12. Edgingage

    Will 2015 Explorer Sport rims fit 2011 Edge SEL?

    Hi Omar: Thanks for your comment (always very appreciated). I assume when you say "rubbing" means a significant rubbing that will not go away soon with wear and tear. So basically, not an easy way to make it fit, I assume. Too bad Thanks again.
  13. Hello folks: This may be kind of stupid question for many of you, but I don't know and need to ask: When replacing the tires (like putting a new set of tires) on the rims, are the TPMS valves removed as part of the procedure? I said it's kind of stupid question because for comparison I know the valve stems have to be lose and removed when changing the inner tubs in bicycle wheels lol, but the cars no longer used inner tubes (tires are now tubeless ;), do the TPMS valves/stems still need to be removed anyways when replacing the tires on the rims? Sorry if my question is too stupid... I just don't really know, ...and would really want to know for sure. Thank you.
  14. Hello folks: I need your help to determine if I pull the trigger on this sale to fit my 2011 Edge SEL (FWD): A set of 2015 Explorer Sport wheels & tires with TPS sensors is up for sale. Bolt pattern is (5 x 4.5 ) or (5x 114.3) from what I understand on google will fit 2012 to current 2021 Explorers, and I believe it's the same bolt pattern for the 2011 Edge. I assume the offset is different but I don't know if it's still safely acceptable... Tire size is 255/50R20 which I now know will fit the 2011 Edge (thanks to Xtra and other folks for links provided in another thread). Do you folks know if this set will fit the 2011 Edge SEL? Please let me know. Thanks in advance. Photo "borrowed" from the sale ad:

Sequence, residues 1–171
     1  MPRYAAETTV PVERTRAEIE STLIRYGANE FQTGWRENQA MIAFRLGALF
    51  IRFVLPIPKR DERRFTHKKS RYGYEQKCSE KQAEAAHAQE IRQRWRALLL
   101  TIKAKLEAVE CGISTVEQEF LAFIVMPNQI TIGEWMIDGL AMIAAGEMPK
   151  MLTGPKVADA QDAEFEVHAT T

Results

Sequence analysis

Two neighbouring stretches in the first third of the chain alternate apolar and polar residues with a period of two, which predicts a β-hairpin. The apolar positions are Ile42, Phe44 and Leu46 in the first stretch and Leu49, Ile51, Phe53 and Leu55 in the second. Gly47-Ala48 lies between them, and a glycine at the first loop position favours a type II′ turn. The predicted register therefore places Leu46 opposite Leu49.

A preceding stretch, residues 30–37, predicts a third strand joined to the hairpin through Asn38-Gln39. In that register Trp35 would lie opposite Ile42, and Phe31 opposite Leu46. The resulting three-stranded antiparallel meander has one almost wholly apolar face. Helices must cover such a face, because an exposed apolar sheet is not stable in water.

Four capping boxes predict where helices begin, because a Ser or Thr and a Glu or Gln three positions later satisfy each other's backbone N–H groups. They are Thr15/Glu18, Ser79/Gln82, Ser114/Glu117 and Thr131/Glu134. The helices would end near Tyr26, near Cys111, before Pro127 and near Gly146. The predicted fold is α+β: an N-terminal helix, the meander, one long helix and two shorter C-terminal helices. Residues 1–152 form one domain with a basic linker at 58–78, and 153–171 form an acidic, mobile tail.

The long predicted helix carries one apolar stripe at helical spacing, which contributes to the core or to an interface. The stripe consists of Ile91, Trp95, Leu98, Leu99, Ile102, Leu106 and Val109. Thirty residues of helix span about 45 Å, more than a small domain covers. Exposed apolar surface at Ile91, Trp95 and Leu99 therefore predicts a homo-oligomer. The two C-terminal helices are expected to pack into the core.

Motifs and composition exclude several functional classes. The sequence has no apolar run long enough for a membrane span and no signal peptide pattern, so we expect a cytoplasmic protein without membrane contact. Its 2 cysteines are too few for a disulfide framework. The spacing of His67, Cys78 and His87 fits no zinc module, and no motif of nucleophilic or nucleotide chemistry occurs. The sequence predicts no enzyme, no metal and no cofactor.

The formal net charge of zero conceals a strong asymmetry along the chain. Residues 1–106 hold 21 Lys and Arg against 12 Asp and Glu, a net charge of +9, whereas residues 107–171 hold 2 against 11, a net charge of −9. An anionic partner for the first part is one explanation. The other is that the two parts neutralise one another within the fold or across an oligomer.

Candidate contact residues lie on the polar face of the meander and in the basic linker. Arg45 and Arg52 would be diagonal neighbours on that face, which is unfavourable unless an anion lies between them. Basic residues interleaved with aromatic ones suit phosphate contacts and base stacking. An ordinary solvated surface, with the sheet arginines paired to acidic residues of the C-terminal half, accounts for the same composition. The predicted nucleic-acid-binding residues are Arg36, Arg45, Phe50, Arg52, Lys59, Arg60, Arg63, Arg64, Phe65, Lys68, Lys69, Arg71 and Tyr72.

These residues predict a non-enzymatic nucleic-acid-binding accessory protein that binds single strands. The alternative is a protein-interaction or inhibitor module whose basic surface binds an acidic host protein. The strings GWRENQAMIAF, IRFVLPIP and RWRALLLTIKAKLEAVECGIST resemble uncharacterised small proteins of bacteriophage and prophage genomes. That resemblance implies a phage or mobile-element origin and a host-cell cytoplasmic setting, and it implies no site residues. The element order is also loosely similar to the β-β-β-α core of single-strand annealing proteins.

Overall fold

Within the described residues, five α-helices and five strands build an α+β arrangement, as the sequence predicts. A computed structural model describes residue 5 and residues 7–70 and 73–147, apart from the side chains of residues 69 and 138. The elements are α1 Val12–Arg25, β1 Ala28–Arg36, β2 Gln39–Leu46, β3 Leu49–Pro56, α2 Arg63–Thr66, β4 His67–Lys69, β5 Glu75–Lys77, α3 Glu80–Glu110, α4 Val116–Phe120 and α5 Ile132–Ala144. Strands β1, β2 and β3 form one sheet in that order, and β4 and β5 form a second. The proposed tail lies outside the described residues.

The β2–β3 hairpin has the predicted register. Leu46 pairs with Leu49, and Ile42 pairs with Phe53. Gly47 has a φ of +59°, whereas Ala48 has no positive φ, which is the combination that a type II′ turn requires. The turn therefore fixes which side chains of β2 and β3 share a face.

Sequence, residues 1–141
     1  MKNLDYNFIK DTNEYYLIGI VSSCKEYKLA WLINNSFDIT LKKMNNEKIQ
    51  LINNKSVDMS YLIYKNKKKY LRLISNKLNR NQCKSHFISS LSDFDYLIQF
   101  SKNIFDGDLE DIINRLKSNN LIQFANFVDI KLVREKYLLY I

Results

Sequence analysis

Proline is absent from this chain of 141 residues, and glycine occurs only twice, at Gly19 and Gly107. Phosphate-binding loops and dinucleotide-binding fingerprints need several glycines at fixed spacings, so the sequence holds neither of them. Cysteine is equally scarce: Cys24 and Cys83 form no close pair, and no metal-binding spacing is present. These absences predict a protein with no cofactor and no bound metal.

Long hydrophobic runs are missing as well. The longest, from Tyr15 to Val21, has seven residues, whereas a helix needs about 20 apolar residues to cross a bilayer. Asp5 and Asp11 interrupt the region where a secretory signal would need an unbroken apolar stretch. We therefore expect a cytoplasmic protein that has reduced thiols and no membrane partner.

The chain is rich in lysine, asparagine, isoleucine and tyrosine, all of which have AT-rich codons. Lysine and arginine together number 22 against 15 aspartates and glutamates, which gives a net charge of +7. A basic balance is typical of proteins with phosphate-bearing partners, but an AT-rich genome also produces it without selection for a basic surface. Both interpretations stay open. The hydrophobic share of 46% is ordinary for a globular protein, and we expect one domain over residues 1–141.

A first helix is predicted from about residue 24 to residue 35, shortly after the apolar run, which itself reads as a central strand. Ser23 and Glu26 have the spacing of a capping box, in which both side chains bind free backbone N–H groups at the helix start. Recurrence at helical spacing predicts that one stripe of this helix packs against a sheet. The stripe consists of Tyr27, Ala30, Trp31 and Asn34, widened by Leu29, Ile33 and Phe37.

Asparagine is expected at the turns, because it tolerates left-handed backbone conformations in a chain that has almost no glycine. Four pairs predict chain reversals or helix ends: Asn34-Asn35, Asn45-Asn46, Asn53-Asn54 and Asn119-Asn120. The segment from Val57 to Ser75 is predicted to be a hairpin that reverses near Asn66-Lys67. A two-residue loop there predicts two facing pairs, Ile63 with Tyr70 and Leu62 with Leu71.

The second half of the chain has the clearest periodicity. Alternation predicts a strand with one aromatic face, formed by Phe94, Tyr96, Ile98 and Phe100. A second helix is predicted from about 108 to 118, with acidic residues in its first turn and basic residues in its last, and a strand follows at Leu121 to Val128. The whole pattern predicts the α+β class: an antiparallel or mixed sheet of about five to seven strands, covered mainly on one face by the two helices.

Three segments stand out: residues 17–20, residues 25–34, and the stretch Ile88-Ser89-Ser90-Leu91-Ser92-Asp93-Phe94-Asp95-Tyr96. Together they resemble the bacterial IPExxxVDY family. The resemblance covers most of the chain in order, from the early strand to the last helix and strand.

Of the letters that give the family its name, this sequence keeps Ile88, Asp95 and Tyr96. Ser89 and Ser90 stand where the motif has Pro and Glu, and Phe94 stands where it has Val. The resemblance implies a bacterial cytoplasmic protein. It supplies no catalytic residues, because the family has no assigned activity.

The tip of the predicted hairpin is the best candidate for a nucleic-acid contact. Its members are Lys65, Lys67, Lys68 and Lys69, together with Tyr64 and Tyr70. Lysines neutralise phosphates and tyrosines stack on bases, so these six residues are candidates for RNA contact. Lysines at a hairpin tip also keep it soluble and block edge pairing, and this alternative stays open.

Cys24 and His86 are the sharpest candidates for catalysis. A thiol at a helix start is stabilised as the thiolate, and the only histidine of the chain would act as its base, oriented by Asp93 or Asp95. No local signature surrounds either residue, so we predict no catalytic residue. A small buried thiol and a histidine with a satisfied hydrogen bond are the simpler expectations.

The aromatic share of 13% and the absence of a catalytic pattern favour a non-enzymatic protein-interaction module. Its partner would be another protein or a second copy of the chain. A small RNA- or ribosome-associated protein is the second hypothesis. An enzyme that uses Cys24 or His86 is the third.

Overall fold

15. Hello Xtra and all: Xtra thank you, thank you very much! The links you gave me have definitively helped A LOT! I was almost settled for 255/60R18 (I'm negotiating a set of Nokian Hakka R3), but a sale just came up in Kijiji which made me post a different question in this forum. Again, I REALLY thank you, very helpful all those links.